I must admit I used to be quite careless with my clothes. I shall blame that on youthful ignorance. I have since matured and in particular since I opened our shop, my eyes have been opened to the fact that the better I look after my garments the longer they’ll keep and that must be good for the environment in some small way as well as my wallet.
My mother in law was always brilliant at keeping her clothing in immaculate condition. Her wardrobe was quite substantial to my daughters delight who could find garments from decades long gone that looked like they were purchased yesterday. I was always impressed with the fact that even her synthetic pieces seemed to keep their appearance. To me that’s a task not for the faint hearted. I of course have next to nothing ‘polyesterish’ or similar in my collection. However bamboo can also do with a little T L C. Here are my tips for prolonging the expiry date of your bamboo and natural fibres from the Greenroom.
Always dry your garments out of the sun. According to Bamboo Body you can tumble dry on a cool setting. I don’t have a tumbler so I have no opinion in this matter. When you wear your bamboo, avoid rubbing the material against rough, hard or sharp surfaces.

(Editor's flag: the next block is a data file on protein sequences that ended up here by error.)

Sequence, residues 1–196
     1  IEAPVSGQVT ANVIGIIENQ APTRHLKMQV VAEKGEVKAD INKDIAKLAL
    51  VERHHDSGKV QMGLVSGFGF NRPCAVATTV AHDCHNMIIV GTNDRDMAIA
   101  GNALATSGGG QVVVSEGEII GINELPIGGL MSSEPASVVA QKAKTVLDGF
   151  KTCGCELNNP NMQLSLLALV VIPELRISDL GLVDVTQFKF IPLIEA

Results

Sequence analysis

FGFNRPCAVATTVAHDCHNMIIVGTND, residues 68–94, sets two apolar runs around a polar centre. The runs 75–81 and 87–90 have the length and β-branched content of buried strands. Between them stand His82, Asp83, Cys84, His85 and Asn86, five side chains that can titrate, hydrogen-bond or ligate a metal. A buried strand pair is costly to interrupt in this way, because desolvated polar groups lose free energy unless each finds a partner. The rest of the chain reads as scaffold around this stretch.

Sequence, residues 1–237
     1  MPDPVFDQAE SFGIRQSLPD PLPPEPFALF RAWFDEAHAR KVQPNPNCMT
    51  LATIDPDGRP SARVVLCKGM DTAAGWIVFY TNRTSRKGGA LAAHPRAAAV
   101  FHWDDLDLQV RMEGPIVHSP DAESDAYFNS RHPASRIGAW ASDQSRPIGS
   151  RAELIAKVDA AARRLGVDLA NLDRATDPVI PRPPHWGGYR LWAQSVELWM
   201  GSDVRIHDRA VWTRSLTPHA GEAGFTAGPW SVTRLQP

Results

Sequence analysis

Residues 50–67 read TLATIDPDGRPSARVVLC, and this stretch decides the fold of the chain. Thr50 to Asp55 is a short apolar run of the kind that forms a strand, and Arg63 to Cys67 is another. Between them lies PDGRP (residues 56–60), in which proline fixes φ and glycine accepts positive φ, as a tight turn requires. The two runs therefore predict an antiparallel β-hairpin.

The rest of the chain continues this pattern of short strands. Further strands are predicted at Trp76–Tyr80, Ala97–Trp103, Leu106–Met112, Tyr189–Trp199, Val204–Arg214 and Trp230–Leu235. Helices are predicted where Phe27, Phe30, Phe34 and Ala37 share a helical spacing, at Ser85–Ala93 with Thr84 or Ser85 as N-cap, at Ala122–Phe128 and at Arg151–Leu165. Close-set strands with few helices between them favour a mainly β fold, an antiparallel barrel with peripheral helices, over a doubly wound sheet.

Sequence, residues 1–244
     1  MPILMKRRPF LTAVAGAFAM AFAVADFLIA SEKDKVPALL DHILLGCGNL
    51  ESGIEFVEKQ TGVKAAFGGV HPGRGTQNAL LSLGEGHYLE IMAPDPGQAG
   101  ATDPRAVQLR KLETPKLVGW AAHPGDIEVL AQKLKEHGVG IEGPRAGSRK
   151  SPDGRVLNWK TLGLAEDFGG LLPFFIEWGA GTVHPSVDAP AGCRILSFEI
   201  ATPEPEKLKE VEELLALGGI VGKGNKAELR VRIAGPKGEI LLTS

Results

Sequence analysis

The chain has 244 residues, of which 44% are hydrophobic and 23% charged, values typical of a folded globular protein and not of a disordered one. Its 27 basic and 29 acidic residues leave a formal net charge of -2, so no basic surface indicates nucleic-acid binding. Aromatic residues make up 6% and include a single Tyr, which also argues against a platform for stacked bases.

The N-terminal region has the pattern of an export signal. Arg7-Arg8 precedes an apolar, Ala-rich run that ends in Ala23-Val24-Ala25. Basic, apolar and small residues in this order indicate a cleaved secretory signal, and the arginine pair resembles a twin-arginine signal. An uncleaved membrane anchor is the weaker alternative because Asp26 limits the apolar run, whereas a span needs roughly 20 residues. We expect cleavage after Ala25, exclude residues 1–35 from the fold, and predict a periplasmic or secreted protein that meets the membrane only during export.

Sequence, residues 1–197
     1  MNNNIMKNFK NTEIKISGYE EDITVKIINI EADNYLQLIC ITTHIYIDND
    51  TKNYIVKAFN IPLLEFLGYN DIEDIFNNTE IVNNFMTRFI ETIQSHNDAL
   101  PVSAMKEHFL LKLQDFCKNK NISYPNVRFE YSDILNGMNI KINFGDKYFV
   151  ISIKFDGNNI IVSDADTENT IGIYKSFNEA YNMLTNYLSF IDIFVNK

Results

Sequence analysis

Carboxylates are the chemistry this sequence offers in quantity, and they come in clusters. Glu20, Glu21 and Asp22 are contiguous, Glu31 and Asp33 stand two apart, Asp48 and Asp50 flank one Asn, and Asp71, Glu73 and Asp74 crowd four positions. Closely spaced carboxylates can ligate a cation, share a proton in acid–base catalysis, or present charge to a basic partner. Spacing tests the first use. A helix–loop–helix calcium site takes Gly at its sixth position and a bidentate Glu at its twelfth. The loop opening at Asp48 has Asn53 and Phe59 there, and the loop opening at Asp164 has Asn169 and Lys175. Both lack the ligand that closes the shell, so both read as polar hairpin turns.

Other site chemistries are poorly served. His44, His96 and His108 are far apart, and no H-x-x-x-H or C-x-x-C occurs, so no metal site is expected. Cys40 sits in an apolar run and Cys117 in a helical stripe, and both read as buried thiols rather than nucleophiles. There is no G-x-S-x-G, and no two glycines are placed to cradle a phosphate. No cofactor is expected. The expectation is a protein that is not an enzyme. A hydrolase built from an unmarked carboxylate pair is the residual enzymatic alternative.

Hemp & Cotton Blends
Both Cotton & Hemp are very hardy fibers and will handle the washing machine very well. Sometimes our hemp or cotton are blended with wool and in those cases we’ll have to consider that and stick to gentle machine wash in cold water or hand wash. Our knits prefer to be dried flat but in all honesty I rarely dry anything flat and so far have had no issues.
Once again Dry your clothes out of the sun. Neither cotton nor hemp is as good as bamboo at retaining its’ dye. Most of our labels use low impact dye and in particular the hemp labels are very committed to this. The more natural a dye is, the less it can handle the merciless Australian sun.
Silk is surprisingly easy to look after. You don’t need to wash silk very often. I have found the same with bamboo in particular but also the other natural fibers. If you have worn your silk a few times just hang it out to dry in the wind in a safe place where it can’t catch on anything. When it’s time to wash a gentle hand wash in cold water with a bit of shampoo, does the trick. A couple of rinses then gently squeeze the water out, absolutely no wringing or twisting. Hang your garment on a hanger and let it drip dry inside somewhere. You most likely won’t need to iron it either. When you wear your silk, just be aware to not rub it against rough or abrasive surfaces. I am always careful with the seatbelt if driving.